While managers may anticipate how cloud computing will one day ease IT headaches, the purveyors of cloud services themselves still need to further fine-tune the way their cloud services are metered and managed in order to make truly flexible cloud computing a reality.
The first round of papers presented at the Usenix "HotCloud 2011" Workshop on Hot Topics in Cloud Computing, held this week in Portland, Oregon, focused on exploring new approaches in scheduling workloads in the cloud that could benefit both cloud users and providers.
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Researchers discussed how to define cloud compute jobs by the hardware they need, and how pricing could be made more flexible than today's static schedulers will allow.
Job scheduling, in which multiple compute jobs are balanced across a single compute node, is not a new issue in IT, but its importance is paramount in cloud computing.
"The physical resources to actually implement a cloud are incredibly expensive, and so, having built it, you want to pack in as much work as possible into that infrastructure. Hence scheduling becomes really important," said David Maltz, a Microsoft Research researcher, who helped organize the workshop.
How work should get scheduled in a cloud in an equitable manner, however, raises a whole new set of questions and challenges, the presenters pointed out.
For instance, different customers may want different capabilities, noted Gunho Lee, a researcher at the University of California, Berkeley. One job may require a great deal of CPU usage, while another application may chiefly need memory space. Likewise, some servers are built for maximum CPU performance, and others are more memory-focused.
As a result of these differing desired characteristics, "we need to track job affinity to determine which type of machine offers the most suitable cost-performance trade-off for a job," stated Lee's paper, which he co-wrote with the University of California's Randy Katz and Yahoo Research's Byung-Gon Chun.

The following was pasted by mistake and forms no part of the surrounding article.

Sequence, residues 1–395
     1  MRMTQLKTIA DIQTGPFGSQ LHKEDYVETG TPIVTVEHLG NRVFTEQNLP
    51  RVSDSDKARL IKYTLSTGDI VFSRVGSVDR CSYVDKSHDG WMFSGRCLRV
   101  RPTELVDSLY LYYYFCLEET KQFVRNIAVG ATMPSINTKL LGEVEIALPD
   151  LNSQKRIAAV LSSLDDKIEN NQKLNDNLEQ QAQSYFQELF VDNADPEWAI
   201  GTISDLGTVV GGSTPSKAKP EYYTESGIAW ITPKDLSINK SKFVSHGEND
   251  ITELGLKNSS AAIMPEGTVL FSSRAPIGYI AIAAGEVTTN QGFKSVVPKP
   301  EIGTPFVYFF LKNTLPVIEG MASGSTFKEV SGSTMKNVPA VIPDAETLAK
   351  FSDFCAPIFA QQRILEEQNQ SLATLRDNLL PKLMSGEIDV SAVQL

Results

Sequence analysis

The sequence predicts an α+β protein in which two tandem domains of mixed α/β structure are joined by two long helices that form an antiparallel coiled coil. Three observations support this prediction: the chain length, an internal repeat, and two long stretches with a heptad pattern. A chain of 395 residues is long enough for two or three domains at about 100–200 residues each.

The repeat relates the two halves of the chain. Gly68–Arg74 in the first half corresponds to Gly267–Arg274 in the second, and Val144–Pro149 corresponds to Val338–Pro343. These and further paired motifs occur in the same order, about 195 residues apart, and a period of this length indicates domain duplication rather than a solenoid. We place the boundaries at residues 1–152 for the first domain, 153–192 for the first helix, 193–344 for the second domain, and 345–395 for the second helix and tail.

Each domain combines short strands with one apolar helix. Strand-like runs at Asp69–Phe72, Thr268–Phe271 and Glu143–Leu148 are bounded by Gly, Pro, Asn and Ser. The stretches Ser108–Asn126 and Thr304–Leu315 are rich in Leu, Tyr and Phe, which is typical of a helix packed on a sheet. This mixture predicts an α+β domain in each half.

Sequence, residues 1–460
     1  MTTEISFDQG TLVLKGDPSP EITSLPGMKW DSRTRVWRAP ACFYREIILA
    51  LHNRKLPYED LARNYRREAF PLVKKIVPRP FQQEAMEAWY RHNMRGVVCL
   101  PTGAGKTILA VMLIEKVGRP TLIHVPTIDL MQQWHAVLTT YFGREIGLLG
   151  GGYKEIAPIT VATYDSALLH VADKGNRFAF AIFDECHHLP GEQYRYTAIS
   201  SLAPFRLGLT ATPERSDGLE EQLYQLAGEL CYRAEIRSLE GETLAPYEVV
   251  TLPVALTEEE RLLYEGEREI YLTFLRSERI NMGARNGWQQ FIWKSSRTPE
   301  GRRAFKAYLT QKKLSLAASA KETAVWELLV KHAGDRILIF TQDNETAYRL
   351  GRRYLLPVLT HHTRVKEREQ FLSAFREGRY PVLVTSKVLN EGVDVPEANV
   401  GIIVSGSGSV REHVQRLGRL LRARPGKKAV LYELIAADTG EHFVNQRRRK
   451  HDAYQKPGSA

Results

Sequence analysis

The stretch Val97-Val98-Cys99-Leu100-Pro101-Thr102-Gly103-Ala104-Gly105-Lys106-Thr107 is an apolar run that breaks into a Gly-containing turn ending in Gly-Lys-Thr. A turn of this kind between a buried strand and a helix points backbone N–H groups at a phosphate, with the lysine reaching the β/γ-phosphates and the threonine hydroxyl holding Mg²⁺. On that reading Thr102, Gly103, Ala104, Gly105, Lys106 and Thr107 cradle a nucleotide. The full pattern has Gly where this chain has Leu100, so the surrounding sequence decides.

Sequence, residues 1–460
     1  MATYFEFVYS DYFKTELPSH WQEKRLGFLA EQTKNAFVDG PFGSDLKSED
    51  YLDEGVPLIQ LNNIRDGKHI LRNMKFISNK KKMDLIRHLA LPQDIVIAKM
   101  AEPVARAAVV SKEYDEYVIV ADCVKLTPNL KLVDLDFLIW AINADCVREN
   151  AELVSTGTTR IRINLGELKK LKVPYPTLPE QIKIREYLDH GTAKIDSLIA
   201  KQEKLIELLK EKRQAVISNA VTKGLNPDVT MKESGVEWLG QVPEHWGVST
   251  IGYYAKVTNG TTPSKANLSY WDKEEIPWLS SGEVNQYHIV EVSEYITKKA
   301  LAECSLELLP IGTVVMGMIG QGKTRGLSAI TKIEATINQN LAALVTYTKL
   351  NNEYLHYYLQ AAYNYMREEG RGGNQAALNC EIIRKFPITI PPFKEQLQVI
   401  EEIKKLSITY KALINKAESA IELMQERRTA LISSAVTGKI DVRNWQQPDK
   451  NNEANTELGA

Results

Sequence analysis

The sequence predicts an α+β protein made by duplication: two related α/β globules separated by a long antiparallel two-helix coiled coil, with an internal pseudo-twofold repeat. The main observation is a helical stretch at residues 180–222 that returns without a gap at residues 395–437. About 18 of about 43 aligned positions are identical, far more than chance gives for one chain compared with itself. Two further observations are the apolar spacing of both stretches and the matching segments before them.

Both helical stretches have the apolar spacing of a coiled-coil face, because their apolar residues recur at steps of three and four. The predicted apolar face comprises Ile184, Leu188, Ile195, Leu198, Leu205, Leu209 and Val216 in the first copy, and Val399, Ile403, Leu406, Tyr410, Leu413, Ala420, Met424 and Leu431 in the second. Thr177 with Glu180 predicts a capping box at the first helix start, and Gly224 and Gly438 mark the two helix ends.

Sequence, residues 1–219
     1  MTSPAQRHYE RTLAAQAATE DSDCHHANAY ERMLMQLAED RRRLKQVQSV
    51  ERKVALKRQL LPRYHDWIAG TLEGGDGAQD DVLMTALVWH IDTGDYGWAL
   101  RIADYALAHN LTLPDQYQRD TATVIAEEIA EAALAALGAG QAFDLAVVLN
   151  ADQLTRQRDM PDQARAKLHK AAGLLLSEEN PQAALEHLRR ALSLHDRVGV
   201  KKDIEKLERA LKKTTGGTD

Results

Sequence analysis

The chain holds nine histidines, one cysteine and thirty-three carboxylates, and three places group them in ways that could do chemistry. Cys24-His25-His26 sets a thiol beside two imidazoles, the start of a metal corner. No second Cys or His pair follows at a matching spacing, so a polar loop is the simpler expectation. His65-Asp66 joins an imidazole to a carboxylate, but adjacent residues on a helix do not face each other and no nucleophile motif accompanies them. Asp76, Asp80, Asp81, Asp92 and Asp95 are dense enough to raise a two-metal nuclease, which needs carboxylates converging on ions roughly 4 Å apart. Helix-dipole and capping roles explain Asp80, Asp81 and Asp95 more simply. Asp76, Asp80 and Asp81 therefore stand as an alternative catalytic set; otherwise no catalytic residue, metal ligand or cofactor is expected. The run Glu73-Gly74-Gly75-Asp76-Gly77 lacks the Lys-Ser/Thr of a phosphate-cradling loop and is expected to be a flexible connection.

The researchers proposed each cloud should have two types of machines. One set of servers would be considered "core nodes," which would do the basic chores, while another set would be considered "accelerator nodes" that can be temporarily added to help with executing the more computationally intensive workloads.
Users would submit jobs to what the researchers call a "cloud driver," which would allocate the appropriate number of nodes to the task.
Other variables that cloud computing services should take into account include if the customer wants a job executed quickly or at the lowest cost possible, or some combination in between, noted Damien Zufferey, one of the researchers from the IST (Institute of Science and Technology Austria) who developed a technique that would allow users to trade off between speed and the cost of running a job. The faster the customer wants the job to execute, the more that customer should pay; whereas economy jobs may take longer to finish, he argued.
This IST research group developed a prototype scheduling system called Flextic, which can take these differences into account. Key to Flextic's approach is a set of desired operational characteristics submitted by the user, such as how much data will be processed and the maximum amount of time the job should take to execute. "We want to be able to ask some information about a job we are doing," Zufferey said.
Scheduling can be affected by other factors as well. For instance, when you move a virtual machine from one server to another while it is still running, it can slow down all the other virtual machines running on each of those servers, said Seung-Hwan Lim, a Pennsylvania State University researcher who co-authored a paper on this topic with Chita R. Das, of Pennsylvania State University, and Jae-Seok Huh and Youngjae Kim of Oak Ridge National Laboratory.
These researchers looked at ways of quantifying the overall effect that moving a virtual machine would have on its surrounding workloads. "In order to have robust and predictable performance, we need migration-aware schedulers," Lim said.